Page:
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Med Eng Phys. 2016 Oct;38(10):1123-30. doi: 10.1016/j.medengphy.2016.06.001. Epub 2016 Jun 24.

A comparison between dynamic implicit and explicit finite element simulations of the native knee joint.

Author information

1
Orthopedic Research Lab, Radboud Institute for Health Sciences, Radboud University Medical Center, 6525 GA Nijmegen, The Netherlands . Electronic address: Hamid.NaghibiBeidokhti@radboudumc.nl.
2
Orthopedic Research Lab, Radboud Institute for Health Sciences, Radboud University Medical Center, 6525 GA Nijmegen, The Netherlands.
3
Faculty of Engineering Technology, University of Twente, 7500 AE Enschede, The Netherlands.
4
Orthopedic Research Lab, Radboud Institute for Health Sciences, Radboud University Medical Center, 6525 GA Nijmegen, The Netherlands ; Laboratory of Biomechanical Engineering, University of Twente, 7500 AE Enschede, The Netherlands.

Abstract

The finite element (FE) method has been widely used to investigate knee biomechanics. Time integration algorithms for dynamic problems in finite element analysis can be classified as either implicit or explicit. Although previously both static/dynamic implicit and dynamic explicit method have been used, a comparative study on the outcomes of both methods is of high interest for the knee modeling community. The aim of this study is to compare static, dynamic implicit and dynamic explicit solutions in analyses of the knee joint to assess the prediction of dynamic effects, potential convergence problems, the accuracy and stability of the calculations, the difference in computational time, and the influence of mass-scaling in the explicit formulation. The heel-strike phase of fast, normal and slow gait was simulated for two different body masses in a model of the native knee. Our results indicate that ignoring the dynamic effect can alter joint motion. Explicit analyses are suitable to simulate dynamic loading of the knee joint in high-speed simulations, as this method offers a substantial reduction of the computational time with a similar prediction of cartilage stresses and meniscus strains. Although mass-scaling can provide even more gain in computational time, it is not recommended for high-speed activities, in which inertial forces play a significant role.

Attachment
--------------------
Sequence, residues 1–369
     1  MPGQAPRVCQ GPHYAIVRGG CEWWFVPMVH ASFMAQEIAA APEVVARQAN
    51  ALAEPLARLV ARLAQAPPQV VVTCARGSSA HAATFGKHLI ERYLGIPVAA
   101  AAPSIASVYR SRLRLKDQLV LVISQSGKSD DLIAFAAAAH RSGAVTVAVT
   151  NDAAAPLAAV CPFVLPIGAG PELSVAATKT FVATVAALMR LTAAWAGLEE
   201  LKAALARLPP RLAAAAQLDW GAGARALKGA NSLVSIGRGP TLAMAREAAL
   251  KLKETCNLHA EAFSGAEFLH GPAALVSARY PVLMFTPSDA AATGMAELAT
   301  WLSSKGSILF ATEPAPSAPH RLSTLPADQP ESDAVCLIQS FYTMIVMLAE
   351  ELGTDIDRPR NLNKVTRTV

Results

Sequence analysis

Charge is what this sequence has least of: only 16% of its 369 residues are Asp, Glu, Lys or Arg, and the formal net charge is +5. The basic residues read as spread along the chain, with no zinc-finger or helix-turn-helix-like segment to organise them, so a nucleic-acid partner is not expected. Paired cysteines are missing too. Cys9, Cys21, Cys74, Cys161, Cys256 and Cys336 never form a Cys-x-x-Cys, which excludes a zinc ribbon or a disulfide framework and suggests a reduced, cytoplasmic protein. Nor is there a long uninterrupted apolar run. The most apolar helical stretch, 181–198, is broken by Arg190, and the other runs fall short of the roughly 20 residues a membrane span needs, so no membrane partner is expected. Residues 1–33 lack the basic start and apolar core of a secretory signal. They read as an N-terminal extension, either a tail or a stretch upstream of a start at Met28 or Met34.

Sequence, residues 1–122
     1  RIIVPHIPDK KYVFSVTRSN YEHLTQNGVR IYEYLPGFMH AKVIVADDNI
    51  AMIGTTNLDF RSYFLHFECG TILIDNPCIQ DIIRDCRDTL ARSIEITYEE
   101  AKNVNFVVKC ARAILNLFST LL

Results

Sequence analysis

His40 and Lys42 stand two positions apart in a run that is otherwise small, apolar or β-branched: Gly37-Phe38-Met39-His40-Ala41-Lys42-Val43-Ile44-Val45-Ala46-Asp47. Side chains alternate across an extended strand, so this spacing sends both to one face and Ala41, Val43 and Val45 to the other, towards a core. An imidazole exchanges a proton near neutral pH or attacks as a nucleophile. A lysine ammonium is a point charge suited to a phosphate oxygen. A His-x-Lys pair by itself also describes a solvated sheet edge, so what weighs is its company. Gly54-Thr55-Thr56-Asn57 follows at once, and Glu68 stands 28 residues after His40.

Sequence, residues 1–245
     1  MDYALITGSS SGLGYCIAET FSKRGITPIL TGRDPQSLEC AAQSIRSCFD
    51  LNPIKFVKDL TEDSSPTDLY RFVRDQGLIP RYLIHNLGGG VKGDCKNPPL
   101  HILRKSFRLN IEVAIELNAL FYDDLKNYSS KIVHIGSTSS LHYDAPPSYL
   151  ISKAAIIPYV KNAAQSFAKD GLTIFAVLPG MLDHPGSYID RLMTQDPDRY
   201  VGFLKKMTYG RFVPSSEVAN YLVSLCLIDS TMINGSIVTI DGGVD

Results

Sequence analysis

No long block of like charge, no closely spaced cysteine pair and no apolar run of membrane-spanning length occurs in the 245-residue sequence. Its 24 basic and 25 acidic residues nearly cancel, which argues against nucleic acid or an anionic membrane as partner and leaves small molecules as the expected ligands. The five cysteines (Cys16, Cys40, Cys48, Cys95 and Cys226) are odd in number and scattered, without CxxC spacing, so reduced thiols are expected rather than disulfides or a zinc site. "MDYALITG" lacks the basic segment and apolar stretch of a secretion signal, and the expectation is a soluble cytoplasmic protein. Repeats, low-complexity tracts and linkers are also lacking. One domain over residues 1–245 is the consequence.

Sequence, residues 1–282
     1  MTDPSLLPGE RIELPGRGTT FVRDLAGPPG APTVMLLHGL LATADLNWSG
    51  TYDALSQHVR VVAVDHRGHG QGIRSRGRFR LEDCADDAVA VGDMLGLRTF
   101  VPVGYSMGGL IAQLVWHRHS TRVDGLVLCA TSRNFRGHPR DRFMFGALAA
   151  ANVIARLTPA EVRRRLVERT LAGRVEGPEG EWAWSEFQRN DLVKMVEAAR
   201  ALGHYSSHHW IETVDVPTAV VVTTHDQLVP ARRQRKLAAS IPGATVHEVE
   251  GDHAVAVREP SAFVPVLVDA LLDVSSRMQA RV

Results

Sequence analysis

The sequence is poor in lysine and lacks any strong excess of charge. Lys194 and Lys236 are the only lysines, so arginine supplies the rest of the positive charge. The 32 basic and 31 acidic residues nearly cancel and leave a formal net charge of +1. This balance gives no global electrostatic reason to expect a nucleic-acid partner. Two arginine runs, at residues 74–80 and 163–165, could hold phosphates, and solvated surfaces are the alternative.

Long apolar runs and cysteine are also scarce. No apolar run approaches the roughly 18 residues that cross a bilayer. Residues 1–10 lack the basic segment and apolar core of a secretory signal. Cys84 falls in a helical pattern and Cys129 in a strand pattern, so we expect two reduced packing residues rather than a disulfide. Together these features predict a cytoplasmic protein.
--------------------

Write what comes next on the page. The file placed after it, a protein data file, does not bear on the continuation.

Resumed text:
KEYWORDS:

Dynamic analysis; Explicit FEM; Finite element method; Implicit FEM; Knee joint; Mass scaling

PMID:
27349493
DOI:
10.1016/j.medengphy.2016.06.001
[Indexed for MEDLINE]

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